The most bitterly contested issue in Senate floor debate of the National Defense Authorization Act this year was whether the Department of Defense would be allowed to continue using Russian rocket engines to lift national-security satellites into orbit. The engines, called RD-180s, provide first-stage thrust for Atlas launch vehicles built by United Launch Alliance, a joint venture of Boeing and Lockheed Martin.
United Launch Alliance, or ULA, had a monopoly on Pentagon launches until last year, when the Air Force certified Elon Musk’s SpaceX as a competing provider of launch services to the military. By that time, though, the whole issue of how national-security payloads reach orbit had gotten caught up in the reaction to Moscow’s annexation of Crimea. The annexation and continuous military provocations that followed convinced many legislators that Russian engines needed to be jettisoned from the military space program as soon as possible.
That set the stage for an aggressive lobbying campaign by SpaceX to assure itself of a sizable market share in military launches by securing passage of a ban on using the Russian engines after 2019. That’s when the Pentagon’s current multiyear contract for launch services will be completed. If Russian engines were banned, then ULA would be unable to use Atlas for military launches. Its other launch vehicle, Delta, costs about 35% more than Atlas and has no hope of beating SpaceX’s Falcon 9 launch vehicle in a price-based competition.
(Disclosure: Boeing and Lockheed Martin both contribute to my think tank, and Lockheed is also a consulting client – which is why I know some of the details that follow.)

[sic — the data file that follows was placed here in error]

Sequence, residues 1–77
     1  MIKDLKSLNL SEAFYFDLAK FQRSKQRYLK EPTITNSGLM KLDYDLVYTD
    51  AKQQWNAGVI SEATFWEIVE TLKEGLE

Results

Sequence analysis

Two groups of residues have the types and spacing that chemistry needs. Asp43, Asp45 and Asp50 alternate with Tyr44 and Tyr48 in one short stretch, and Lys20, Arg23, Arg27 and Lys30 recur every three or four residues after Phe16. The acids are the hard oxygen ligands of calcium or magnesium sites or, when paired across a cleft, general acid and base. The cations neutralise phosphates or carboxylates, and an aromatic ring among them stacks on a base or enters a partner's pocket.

If SpaceX’s lobbying campaign had succeeded, Musk’s company would have ended up with a monopoly on pretty much any military payload it was capable of lifting into orbit. However, the campaign failed — on June 13 the Senate approved an amendment to the authorization bill that would allow use of up to 18 more RD-180 engines through the end of 2022. Since the House had already voted a bill that would allow further use of the Russian engines, it appears the great engine debate is over, and ULA won.
The question is why it won. Reporting by Politico points to the heavy lobbying muscle that ULA owners Boeing and Lockheed Martin deployed in support of their joint venture — which certainly is a big part of the explanation. But that doesn’t give credit to Senators for the deliberative process by which they weighed the arguments of both sides in a very emotional debate. The real reason ULA won was that its backers told a more convincing story than the SpaceX side did, and legislators responded to the merits of their case.